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Teaching in an Age of ‘Militant Apathy’

The Chronicle of Higher Education  online


“There’s been a discourse in society that higher-education leaders have embraced, which goes something like this: Higher education is essential for future career attainment, positive economic outcomes and social mobility,” says Richard Arum, a professor of sociology and education at the University of California, Irvine, whose 2011 book with Josipa Roksa, Academically Adrift: Limited Learning on College Campuses, set off a national conversation about what students get out of undergraduate education.

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How Higher Ed Can Help Remedy K-12 Learning Losses

Inside Higher Ed  online


The one thing educators must avoid, said Richard Arum, a professor of sociology and education at the University of California, Irvine, is the “knee-jerk response” of creating new remedial programs to address learning loss for K-12 students.

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Startups & Innovations – Launch

Orange County Business Journal  online


Featured in Chapter 10 Startups & Innovations.

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The Chronicle of Higher Education  


Featured on Chroncle.com.

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Good Grades, Stressed Students

The Chronicle of Higher Education  online


Featured on Chronicle.com.

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These colleges went to remote learning but hiked tuition anyway

CNBC  online


These days, tuition accounts for about half of a school’s revenue and providing a college education — even online — is only getting more expensive, according to Richard Arum, dean of the School of Education at the University of California, Irvine.

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Why Pay $200,000 For A Piece Of Paper?

Forbes  online


College graduates are typically brighter, more literate, reliable and disciplined than those with only high school diplomas. Do they also learn skills in college making them more productive workers? Sometimes, yes. Civil engineers and accountants, for example, learn lots of vocationally useful things in college. But what about the vastly larger number of sociology, communication, psychology, marketing, gender studies, parks and recreation and many other majors? Their college learning does little to improve even basic critical reasoning skills (according to exhaustive research by Richard Arum and Josipa Roksa in Academically Adrift).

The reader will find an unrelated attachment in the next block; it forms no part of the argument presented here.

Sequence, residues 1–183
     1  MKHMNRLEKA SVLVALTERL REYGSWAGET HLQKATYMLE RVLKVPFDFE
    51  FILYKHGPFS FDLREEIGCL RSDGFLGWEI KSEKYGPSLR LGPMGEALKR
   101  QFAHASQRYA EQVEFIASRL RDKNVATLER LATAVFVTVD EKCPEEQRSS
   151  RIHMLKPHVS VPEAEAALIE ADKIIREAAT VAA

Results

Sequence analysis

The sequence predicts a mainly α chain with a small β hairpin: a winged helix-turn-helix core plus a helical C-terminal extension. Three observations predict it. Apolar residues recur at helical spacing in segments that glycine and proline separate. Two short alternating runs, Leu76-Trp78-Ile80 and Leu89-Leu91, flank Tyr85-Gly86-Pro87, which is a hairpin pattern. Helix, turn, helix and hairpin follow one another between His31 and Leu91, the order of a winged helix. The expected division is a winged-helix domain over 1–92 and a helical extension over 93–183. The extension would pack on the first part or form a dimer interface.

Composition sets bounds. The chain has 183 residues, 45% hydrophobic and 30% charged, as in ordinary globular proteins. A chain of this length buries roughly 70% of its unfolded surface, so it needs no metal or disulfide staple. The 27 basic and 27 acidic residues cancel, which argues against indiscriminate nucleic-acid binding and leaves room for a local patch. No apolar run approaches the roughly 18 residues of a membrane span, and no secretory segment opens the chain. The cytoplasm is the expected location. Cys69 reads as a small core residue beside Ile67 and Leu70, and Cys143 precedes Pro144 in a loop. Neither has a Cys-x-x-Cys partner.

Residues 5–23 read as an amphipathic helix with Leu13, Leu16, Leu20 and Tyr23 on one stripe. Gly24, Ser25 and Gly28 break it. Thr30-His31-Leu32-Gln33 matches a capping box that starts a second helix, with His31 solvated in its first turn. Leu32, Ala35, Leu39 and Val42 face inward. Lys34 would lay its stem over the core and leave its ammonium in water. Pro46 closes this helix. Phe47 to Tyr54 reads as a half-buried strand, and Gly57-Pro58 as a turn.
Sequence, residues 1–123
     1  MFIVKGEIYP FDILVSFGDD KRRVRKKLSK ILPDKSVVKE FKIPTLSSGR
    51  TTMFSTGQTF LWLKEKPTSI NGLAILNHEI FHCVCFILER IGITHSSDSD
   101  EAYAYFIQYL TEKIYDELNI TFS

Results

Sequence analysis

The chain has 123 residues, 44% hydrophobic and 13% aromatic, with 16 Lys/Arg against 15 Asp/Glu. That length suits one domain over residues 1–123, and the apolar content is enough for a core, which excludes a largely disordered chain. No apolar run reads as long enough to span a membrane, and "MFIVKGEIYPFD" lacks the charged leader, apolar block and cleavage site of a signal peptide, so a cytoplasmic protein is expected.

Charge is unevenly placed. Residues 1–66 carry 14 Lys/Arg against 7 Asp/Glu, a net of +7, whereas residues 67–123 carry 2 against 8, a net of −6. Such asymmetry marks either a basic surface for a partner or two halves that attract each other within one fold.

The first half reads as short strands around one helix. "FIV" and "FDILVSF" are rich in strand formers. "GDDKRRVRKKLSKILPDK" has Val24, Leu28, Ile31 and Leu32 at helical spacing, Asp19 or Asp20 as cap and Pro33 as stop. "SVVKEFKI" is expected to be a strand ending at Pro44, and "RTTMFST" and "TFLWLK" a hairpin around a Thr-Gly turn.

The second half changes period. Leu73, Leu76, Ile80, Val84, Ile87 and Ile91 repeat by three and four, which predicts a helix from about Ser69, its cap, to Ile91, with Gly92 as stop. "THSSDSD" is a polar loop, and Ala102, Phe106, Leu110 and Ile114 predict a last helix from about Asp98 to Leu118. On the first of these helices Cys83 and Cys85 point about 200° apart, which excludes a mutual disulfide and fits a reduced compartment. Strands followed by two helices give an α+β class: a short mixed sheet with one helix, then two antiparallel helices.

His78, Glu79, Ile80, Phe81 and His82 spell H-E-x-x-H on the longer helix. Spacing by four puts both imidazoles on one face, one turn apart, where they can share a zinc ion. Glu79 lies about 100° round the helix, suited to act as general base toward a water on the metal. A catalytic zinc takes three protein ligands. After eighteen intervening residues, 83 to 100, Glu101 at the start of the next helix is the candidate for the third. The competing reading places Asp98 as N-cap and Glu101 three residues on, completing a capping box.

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Articles (6)

A Framework for Measuring Undergraduate Learning and Growth

Change: The Magazine of Higher Learning

Richard Arum, Jacquelynne S. Eccles, Jutta Heckhausen, Gabe Avakian Orona, Luise von Keyserlingk, Christopher M. Wegemer, Charles E. (Ted) Wright & Katsumi Yamaguchi-Pedroza

2021 We believe that the value of postsecondary education is derived from its relationship not only to a narrow set of skills related to occupational training, but also to broad aspects of human development that include cognitive, psychological, social, and civic characteristics.

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Can schools fairly select their students?

Theory and Research in Education

Michael S Merry, Richard Arum

2018 Selection within the educational domain breeds a special kind of suspicion. Whether it is the absence of transparency in the selection procedure, the observable outcomes of the selection, or the criteria of selection itself, there is much to corroborate the suspicion many have that selection in practice is unfair. And certainly as it concerns primary and secondary education, the principle of educational equity requires that children not have their educational experiences or opportunities determined by their postcode, their ethnic status, first language, or family wealth. Indeed educational opportunities determined by unearned advantage or disadvantage offend against basic notions of fairness.